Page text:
USF Nursing & Public Health Students Behind Expanded Free Medical Services
USF’s School of Nursing and Health Professions (SONHP) has been recognized for helping to expand medical care to San Francisco’s most needy at a free clinic that serves patients far beyond its Tenderloin neighborhood address.
The nonprofit Asian & Pacific Islander Wellness Center (A&PI) awarded the nursing school its Ally Award on May 29.
“We’ve been able to triple the amount of services and the number of patients we serve,” said Lance Toma, the center’s executive director. “And our ongoing relationship with USF is going to allow us to continue to fill a critical gap in San Francisco and really be a true safety net for those who are falling through the gaps of our healthcare system.”
Invaluable professional experience
A&PI Wellness was created in 1987 to address HIV/AIDS among Asians and Pacific Islanders in San Francisco. Today, the nonprofit serves diverse communities from across the city on a variety of health issues. The organization primarily serves clients with little or no health insurance.
A&PI allied with USF’s SONHP in 2012, about a year after opening a free medical clinic. At first, the clinic provided services once a week and served about 70 patients a year. Now, thanks to help from USF students and faculty it operates three days a week and serves about 300 patients a year. USF students do a variety of tasks, from creating procedures to make sure the clinic meets medical safety standards to performing physical examinations on patients.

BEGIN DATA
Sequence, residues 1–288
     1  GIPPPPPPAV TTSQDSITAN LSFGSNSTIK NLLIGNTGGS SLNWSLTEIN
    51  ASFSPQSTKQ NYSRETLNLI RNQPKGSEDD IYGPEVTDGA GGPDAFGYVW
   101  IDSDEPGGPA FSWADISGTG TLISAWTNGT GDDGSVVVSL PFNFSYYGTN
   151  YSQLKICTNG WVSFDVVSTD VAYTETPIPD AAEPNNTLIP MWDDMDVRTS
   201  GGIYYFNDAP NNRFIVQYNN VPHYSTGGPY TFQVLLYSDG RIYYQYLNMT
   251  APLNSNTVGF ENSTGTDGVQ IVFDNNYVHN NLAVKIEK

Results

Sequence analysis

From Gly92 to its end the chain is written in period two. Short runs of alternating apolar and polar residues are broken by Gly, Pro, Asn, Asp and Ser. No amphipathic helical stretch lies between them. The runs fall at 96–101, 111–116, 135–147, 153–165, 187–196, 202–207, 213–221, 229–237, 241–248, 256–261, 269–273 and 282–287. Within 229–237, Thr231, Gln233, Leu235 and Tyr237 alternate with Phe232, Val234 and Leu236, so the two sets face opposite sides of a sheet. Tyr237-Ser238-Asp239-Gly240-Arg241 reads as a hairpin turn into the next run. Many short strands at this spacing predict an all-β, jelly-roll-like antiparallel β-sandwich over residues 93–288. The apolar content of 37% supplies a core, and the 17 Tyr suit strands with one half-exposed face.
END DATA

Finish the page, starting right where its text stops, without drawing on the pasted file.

About 20 USF graduate nursing students and clinical psychology students have interned or volunteered at A&PI Wellness in the past three years, gaining valuable professional experience. In addition, three SONHP faculty provide medical and psychological services at the clinic, while also supervising students.
Hyun Jung Kim ’13, MSN ’14, interned at A&PI before landing a job there. As an intern, she worked on projects to improve efficiency in the clinic and to help enroll poor clients in a government health plan. “I learned how to advocate for clients and how to do a lot of follow up to make sure clients get the services they need on a continuing basis,” she said.
Now, as a nurse, Kim often works with transgender clients, a population A&PI Wellness strives to support. “A lot of clients who are transgender face stigma if they go to a provider that has no experience with transgender care,” she said.
“It’s really a win-win-win for USF students, A&PI Wellness and its patients, and the School of Nursing and Health Professions,” said Wanda Borges, associate dean for graduate programs and community partnerships at the SONHP, noting it was the first time an organization won the Ally Award. Previously, it was awarded only to individuals.